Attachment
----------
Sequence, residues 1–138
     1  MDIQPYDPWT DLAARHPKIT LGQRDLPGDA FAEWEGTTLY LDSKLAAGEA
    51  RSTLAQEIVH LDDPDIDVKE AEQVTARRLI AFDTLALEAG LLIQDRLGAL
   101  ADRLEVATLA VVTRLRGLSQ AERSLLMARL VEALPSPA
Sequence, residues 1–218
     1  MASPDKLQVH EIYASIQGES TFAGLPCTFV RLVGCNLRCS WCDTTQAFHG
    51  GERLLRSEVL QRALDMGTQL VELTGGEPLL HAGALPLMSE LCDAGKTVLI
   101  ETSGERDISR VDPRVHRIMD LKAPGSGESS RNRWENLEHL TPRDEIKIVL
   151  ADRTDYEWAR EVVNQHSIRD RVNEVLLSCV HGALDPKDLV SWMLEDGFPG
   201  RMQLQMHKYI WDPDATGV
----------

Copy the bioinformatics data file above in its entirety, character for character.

Sequence, residues 1–138
     1  MDIQPYDPWT DLAARHPKIT LGQRDLPGDA FAEWEGTTLY LDSKLAAGEA
    51  RSTLAQEIVH LDDPDIDVKE AEQVTARRLI AFDTLALEAG LLIQDRLGAL
   101  ADRLEVATLA VVTRLRGLSQ AERSLLMARL VEALPSPA
Sequence, residues 1–218
     1  MASPDKLQVH EIYASIQGES TFAGLPCTFV RLVGCNLRCS WCDTTQAFHG
    51  GERLLRSEVL QRALDMGTQL VELTGGEPLL HAGALPLMSE LCDAGKTVLI
   101  ETSGERDISR VDPRVHRIMD LKAPGSGESS RNRWENLEHL TPRDEIKIVL
   151  ADRTDYEWAR EVVNQHSIRD RVNEVLLSCV HGALDPKDLV SWMLEDGFPG
   201  RMQLQMHKYI WDPDATGV